Marine Technology Reporter Blogs - imo

The Future of Maritime LNG Propulsion

December 23, 2013

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The use of liquid natural gas (LNG) as a marine fuel is increasing as new environmental regulations are enacted and bunkering facilities are expanded. Some forecast predict that around 10,000 vessels could be adopting LNG propulsion by 2020 compared to less than 100 today and classification society Det Norske Veritas had predicted that LNG would become the dominant fuel source for all merchant ships within 40 years. The main reason for this expected growth is because of strict emission regulations requiring the reduction of sulfur oxides (SOx) and nitrogen oxides (NOx) to 0.1 percent in Emission Control Areas (ECAs) by 2015 and 0.5 percent globally by 2020.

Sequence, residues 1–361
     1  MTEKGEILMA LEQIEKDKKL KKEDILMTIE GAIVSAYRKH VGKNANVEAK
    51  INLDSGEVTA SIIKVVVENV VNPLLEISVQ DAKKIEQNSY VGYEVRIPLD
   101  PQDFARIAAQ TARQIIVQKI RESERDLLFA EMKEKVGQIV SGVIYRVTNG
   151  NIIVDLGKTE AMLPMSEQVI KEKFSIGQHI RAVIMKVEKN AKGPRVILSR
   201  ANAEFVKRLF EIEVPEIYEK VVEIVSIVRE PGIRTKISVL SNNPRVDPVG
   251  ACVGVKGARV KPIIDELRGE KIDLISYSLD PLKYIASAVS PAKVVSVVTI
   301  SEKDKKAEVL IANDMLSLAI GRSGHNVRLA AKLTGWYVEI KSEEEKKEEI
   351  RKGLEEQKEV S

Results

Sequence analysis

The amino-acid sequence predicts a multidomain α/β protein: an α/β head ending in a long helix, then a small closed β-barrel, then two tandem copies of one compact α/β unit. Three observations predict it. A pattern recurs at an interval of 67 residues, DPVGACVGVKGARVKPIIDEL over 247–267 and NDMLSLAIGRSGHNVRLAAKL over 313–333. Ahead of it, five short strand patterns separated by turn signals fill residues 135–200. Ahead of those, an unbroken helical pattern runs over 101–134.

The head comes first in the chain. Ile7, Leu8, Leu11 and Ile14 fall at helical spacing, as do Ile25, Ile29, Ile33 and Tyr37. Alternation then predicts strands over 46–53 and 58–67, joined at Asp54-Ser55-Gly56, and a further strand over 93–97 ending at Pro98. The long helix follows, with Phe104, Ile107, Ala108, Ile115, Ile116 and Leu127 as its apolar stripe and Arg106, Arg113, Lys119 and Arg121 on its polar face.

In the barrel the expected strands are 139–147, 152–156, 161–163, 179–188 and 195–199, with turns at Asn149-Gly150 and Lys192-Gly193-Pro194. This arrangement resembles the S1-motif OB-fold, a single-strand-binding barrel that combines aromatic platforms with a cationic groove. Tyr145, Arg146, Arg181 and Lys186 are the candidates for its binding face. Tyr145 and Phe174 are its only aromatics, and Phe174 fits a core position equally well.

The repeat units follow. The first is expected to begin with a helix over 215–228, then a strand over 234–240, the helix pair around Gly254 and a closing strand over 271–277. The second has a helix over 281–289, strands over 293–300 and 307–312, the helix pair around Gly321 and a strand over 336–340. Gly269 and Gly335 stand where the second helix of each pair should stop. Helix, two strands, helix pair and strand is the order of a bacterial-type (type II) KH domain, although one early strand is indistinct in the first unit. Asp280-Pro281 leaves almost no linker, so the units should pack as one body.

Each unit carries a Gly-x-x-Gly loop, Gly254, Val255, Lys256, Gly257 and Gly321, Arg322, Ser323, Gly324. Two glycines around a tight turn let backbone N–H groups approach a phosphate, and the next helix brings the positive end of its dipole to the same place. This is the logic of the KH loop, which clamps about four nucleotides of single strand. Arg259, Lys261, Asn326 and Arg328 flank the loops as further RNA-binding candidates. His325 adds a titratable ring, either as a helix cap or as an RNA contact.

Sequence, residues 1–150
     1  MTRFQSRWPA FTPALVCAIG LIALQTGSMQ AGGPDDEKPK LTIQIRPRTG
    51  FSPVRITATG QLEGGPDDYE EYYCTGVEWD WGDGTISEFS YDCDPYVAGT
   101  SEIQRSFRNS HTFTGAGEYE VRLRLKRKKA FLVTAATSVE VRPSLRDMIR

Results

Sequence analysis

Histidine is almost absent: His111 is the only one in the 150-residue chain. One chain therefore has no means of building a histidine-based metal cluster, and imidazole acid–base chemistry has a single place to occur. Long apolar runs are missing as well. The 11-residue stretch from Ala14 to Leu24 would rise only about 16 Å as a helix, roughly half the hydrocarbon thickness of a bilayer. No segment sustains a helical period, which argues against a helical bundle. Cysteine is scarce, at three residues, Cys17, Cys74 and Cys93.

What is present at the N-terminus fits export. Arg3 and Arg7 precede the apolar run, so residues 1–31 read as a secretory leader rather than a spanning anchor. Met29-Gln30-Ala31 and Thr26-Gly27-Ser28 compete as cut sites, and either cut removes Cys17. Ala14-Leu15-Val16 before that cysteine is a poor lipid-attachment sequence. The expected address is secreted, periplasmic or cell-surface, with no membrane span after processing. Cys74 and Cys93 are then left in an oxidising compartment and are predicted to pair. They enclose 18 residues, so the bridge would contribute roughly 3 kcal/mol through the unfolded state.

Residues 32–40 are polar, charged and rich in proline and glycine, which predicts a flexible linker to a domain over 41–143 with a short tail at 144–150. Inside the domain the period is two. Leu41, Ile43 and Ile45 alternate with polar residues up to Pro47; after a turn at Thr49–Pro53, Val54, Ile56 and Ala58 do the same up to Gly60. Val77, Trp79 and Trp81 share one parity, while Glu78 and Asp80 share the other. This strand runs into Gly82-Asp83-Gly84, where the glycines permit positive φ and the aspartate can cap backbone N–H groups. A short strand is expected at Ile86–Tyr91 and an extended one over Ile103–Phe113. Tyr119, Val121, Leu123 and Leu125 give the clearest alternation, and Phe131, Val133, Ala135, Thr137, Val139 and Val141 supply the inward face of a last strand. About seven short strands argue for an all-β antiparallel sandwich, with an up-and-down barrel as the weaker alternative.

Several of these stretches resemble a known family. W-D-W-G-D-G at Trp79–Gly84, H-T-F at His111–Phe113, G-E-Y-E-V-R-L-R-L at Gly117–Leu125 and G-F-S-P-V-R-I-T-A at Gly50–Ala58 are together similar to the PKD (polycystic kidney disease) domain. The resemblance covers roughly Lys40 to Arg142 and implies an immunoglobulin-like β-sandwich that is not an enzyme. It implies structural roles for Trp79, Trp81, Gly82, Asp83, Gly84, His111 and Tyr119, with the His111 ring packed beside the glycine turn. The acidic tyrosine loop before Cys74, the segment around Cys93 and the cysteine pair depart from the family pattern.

Preventing Ballast Water Invasive Species Propagation

July 13, 2013

Ballast water is used to stabilize ships at sea, being pumped-in to weigh down a ship for safe navigational conditions when the ships hull is not filled with cargo for a voyage. Controlling the amount of ballast water embarked helps to reduce stress on the hull while providing transverse stability when underway. The correct use of ballast also makes ship propulsion more efficient and increases maneuverability. By correctly controlling the amount and location of ballast within the hull an officer can compensate for weight lost due to fuel and water consumption during a voyage, always maintaining optimum stability. Just by reading the paragraph above it becomes clear to any landlubber that ballast water is vital for safe ship operations.